The Museo della Marineria e delle Conchiglie in Viserbella was built in 1999 by a group of citizens strongly committed to recovering the history and traditions of this small hamlet, in one portion of the coast north of Rimini. The museum name is inspired by the iron tool used for fishing clams, and it houses vintage documents on small-scale fishing habits and customs, artefacts and equipment. It also displays typical boat collections, such as battane and rowing mosconi, fishing equipment and tools belonging to shipwrights and caulkers. It also features the Collezione Capici, the most important shell collection of the Mediterranean Sea, and a section dedicated to the fossils donated by Ivilia Rosa da Torino. To visit the museum, contact them directly.
Crossing the Ponte di Tiberio (Link), Borgo San Giuliano is famous for its alleys, squares and houses with colourful murales made by Rimini painters, which depict the films and life of Director Federico Fellini, who managed to narrate the hamlet’s life in a poetic and nostalgic manner.
This ancient, picture-perfect hamlet, between the end of the 19th and the first half of the 20th century, was the old fishermen quarter. Recorded by the Società de Borg in 2009, old sailor and fisherman homes have been identified and marked by ceramic tiles, decorated with sailboats painted by Giuliano Maroncelli. In the ancient hamlet centre, the Church of San Giuliano Martire hosts the Venetian School’s masterpiece Il martirio di San Giuliano by the Veronese, Bittino da Faenza’s polyptych with the Martirio di S.Giuliano, and the urn with the Saint’s remains.
The Fish Market at the San Francesco Market Hall (Mercato Coperto) is the biggest and best stocked fish shop of the area, with over 60 sales counters, where you can buy fresh fish brought in every day by the fishing boats. Here, you can still meet the true people of Romagna, who, apart from selling their products, will also give you tips on how to clean and cook your fish. The Market is open from Monday to Saturday, from 7:00 am to 7:45 pm, all day long for all sectors, including the fish shop, with no midweek closing day.
On the left side of Piazza Cavour, in Rimini’s historical centre, you will find the entrance to the old fish shop, a wonderful example of functional architecture for a fish market. By Rimini architect Giovan Francesco Buonamici, it was built in 1747. Ice-houses in underground holes were built to store fresh fish near Castel Sismondo’s walls and trenches, at the service of the Fish Market.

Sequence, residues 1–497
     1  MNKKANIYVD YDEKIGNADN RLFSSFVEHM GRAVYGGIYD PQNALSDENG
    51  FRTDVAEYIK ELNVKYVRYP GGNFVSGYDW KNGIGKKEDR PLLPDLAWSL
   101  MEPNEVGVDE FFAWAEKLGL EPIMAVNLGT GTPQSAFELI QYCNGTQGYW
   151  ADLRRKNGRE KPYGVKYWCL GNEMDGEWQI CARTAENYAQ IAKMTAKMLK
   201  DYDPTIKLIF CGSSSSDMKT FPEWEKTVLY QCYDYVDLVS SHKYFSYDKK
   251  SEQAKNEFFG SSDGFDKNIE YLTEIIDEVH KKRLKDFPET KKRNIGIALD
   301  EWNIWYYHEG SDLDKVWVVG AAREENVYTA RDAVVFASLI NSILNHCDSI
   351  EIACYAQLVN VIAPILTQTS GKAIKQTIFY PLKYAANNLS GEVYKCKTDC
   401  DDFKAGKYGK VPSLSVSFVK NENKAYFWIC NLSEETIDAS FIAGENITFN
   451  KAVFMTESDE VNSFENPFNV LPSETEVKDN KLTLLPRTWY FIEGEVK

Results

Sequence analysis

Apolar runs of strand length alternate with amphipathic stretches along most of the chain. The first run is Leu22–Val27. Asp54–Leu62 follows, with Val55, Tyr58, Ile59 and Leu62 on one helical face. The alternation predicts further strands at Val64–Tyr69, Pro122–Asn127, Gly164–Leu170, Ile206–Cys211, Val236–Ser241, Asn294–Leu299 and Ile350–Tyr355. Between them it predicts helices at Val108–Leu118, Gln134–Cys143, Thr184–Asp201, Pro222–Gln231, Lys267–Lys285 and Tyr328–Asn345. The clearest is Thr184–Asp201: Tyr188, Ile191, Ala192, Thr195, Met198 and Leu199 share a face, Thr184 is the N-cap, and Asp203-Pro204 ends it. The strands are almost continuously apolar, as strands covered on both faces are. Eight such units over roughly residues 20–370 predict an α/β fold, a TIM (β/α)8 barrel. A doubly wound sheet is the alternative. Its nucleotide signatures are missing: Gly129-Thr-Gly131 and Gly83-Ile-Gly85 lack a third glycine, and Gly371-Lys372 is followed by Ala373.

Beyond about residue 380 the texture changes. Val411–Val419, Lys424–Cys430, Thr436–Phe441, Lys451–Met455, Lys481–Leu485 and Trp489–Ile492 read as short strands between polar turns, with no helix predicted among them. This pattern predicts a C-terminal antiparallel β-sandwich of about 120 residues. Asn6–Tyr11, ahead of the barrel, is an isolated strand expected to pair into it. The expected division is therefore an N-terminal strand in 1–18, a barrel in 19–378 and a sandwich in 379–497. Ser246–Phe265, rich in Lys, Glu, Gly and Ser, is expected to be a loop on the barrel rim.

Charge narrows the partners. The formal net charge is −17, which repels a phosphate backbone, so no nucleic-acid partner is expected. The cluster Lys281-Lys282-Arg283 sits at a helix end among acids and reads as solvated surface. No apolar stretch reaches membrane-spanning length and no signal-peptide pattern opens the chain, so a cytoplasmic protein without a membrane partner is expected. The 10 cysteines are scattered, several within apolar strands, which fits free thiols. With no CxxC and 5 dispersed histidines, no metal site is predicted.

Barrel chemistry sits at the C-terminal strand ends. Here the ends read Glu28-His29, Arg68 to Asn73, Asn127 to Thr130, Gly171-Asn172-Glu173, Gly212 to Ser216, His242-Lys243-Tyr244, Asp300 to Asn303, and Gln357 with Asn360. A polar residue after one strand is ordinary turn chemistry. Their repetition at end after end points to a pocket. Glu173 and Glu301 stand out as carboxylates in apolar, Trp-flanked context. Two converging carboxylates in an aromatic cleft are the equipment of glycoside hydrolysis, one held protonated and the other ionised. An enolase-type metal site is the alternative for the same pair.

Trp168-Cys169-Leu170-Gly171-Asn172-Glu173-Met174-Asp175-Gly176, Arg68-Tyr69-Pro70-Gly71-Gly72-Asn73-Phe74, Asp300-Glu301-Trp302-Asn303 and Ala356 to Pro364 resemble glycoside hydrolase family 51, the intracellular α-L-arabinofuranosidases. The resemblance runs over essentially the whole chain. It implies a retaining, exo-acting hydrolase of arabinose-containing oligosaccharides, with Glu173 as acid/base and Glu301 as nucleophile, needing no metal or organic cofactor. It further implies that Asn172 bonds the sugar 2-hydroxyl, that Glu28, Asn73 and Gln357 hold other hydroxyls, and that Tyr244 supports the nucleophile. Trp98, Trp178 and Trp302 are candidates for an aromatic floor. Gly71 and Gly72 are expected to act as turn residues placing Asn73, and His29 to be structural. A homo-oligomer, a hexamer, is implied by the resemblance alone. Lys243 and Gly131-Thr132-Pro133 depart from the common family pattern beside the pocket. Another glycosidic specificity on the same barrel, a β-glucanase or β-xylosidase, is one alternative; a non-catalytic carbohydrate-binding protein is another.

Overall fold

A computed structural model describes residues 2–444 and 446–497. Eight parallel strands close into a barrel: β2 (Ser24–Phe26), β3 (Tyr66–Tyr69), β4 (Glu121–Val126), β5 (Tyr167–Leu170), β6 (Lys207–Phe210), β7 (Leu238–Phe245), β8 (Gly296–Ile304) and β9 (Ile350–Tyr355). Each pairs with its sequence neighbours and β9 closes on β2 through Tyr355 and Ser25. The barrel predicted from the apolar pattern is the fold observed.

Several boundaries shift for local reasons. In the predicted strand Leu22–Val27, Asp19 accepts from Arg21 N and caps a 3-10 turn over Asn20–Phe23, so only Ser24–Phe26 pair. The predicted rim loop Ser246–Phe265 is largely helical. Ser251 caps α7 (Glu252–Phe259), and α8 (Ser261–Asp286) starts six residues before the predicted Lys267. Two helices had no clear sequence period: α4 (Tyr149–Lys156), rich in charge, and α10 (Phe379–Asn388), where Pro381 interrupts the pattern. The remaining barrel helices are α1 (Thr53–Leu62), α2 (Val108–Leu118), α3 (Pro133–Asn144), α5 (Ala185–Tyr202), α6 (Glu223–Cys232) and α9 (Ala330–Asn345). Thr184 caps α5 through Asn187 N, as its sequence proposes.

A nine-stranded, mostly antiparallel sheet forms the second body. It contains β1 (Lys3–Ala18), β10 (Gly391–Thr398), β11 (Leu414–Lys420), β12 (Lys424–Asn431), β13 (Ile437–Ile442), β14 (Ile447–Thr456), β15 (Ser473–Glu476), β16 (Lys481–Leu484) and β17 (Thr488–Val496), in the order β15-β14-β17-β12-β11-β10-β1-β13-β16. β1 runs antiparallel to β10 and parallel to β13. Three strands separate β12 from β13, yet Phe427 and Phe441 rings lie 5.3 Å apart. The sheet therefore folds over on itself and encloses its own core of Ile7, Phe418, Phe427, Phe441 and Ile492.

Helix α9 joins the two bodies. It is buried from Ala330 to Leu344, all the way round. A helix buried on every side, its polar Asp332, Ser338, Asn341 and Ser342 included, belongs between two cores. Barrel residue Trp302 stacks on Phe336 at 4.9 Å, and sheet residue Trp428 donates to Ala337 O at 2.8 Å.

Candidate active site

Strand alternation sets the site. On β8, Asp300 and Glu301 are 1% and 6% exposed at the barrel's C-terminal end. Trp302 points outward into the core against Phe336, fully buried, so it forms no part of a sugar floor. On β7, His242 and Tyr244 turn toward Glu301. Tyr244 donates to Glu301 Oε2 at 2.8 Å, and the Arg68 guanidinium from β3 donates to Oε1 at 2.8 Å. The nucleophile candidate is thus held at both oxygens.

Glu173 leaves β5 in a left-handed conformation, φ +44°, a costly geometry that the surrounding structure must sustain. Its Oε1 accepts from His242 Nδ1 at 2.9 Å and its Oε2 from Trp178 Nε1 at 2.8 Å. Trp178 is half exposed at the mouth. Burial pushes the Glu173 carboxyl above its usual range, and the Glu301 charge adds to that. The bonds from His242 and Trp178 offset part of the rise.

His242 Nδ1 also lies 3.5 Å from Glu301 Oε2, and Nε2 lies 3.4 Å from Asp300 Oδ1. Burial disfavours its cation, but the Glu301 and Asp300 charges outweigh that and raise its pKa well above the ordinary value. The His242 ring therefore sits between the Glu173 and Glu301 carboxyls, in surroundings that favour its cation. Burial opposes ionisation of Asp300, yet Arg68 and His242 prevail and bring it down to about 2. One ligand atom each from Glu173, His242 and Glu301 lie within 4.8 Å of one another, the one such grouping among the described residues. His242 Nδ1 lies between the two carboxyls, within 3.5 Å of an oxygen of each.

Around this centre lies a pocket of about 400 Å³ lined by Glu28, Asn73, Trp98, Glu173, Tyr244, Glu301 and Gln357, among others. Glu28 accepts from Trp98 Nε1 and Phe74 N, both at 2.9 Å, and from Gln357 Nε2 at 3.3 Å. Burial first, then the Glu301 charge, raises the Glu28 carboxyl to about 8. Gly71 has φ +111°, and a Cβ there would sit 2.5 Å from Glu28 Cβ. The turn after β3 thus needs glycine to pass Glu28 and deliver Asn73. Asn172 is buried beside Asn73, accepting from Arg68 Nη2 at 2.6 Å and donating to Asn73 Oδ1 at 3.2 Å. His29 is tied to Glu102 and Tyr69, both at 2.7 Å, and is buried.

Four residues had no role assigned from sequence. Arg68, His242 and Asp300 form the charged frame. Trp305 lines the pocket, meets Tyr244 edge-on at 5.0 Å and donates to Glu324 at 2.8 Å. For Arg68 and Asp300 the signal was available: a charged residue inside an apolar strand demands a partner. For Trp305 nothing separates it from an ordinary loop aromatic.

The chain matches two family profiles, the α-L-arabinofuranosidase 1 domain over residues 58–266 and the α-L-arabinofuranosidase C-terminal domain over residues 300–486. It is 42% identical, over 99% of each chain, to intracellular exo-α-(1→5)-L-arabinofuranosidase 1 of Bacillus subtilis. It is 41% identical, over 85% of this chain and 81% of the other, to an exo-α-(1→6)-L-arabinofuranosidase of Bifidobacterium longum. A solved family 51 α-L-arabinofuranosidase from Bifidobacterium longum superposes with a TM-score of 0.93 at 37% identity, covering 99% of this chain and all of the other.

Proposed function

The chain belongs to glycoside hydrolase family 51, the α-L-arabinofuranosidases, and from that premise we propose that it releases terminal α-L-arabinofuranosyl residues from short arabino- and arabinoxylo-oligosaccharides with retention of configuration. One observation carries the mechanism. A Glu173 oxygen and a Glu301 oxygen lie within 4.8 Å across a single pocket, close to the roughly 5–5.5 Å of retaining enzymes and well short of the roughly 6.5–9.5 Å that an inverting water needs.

In the Museo della Città di Rimini (City Museum), you can see the tale of man’s journey in the Rimini territory, from prehistoric times to the contemporary era. A one million year long tale, which starts on the beach and traces the changes of the city and of its artistic culture until the 20th century.
Here, the archaeological section houses the famous Diotallevi Mosaic, found in 1976 during excavations at Palazzo Diotallevi, in the historical centre, which shows two sailboats, about to enter Rimini’s ancient port on one side, while a pilot or lighthouse keeper signals from a tower. The black and white floor mosaic (1st-2nd century a.C.) is completed by the figure of Hercules, the mythical founder of Ariminum, in the act of raising a libation cup, a port scene alluding to the outstanding fortune in its seafaring business. Hypothetically, it shows the ancient harbour, 172 meters from the city walls, between the Ampitheatre and the current railway station area. Perhaps, the famous loads of goods and bricks directed to the other side of the Adriatic sea set sail from here.
To know more: museicomunalirimini.it/museo-diffuso-marineria-riminese